21 JUNE 1913, Page 3

At a conference of the Faculty of Insurance held on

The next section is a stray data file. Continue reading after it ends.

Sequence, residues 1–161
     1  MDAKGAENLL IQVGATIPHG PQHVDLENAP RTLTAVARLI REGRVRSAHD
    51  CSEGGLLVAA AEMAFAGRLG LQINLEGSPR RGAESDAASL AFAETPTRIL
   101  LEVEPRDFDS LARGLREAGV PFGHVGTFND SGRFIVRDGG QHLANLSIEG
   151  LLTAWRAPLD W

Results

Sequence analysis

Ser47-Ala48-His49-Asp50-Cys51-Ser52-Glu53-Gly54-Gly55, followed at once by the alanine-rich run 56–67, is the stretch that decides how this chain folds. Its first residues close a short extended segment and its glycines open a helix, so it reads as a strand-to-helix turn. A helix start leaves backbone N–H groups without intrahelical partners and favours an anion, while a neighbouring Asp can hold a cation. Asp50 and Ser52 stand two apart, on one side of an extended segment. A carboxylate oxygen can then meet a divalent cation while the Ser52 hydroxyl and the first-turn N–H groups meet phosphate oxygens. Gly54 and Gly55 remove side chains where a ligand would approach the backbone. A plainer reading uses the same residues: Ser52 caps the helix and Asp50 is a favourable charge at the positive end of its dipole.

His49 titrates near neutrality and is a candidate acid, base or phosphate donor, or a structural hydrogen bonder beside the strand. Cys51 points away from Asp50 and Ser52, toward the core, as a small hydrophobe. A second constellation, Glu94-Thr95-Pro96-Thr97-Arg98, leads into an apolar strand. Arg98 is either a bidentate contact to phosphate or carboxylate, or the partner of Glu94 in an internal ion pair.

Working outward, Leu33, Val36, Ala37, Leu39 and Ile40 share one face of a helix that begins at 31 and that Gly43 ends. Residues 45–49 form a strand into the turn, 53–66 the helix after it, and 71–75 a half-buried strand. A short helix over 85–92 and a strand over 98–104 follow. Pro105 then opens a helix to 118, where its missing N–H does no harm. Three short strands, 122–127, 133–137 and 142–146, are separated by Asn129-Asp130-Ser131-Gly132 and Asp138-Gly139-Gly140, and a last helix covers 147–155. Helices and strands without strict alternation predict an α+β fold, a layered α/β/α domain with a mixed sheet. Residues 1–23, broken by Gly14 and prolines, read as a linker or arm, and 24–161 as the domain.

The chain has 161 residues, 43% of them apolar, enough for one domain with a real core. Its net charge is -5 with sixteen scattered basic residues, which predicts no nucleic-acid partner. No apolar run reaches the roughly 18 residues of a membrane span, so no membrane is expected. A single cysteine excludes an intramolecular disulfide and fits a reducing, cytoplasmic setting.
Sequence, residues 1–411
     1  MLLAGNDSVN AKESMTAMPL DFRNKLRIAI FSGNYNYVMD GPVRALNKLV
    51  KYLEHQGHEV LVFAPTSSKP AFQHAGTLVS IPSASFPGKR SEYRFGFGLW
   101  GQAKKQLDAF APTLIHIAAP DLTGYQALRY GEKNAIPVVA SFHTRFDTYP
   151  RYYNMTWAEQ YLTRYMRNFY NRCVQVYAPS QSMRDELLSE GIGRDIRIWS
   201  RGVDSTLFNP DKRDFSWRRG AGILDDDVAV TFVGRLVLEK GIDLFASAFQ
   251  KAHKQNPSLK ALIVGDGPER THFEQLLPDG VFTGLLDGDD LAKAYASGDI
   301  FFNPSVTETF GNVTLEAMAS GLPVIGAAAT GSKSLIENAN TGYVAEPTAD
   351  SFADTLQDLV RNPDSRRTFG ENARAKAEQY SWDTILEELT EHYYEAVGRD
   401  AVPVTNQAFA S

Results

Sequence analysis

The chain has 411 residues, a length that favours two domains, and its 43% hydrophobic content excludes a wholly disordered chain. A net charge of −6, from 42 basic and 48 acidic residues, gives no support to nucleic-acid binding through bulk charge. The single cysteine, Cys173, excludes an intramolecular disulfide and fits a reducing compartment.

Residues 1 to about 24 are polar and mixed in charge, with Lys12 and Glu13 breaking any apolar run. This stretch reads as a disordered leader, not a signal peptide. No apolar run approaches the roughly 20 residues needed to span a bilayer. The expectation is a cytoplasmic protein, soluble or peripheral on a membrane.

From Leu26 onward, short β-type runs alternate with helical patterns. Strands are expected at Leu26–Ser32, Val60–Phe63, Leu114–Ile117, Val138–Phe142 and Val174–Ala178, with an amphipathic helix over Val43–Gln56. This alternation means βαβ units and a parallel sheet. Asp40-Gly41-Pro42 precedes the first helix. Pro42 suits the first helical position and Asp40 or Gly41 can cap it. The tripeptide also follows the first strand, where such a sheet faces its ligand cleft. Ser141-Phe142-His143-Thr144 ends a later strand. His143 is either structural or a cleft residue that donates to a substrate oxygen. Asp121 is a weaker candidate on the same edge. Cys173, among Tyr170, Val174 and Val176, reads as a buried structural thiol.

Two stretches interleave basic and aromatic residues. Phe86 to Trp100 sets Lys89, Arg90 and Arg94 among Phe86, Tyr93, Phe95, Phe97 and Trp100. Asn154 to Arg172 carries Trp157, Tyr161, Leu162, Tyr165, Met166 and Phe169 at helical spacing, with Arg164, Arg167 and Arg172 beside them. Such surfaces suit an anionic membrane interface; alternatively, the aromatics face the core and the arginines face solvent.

Saturday, Mr. Handel Booth, M.P., who presided, said that be was aghast at the many suggestions already made as to the amendment of the Insurance Act. The cause of his pertur- bation was apparently revealed by Mr. Kingsley Wood as the astonishing increase in the number of claims from women for sick benefit. During the first quarter of the administration of the Act, for every two men in a society there was one woman. Now there were two women for each man, and women remained on the sick list twice as long as men. The Chancellor of the Exchequer, he continued, had stated that there was great difficulty in checking the claims for sickness on the part of married women who were employed, and " the assumption arose that these excessive claims were due to the fact that the sickness benefit under the Act in very many cases approximated to the wages that women received, and that there must be something in the nature of malingering." This " assumption " has been resented as an insult to women- workers, and as only showing that they are underpaid.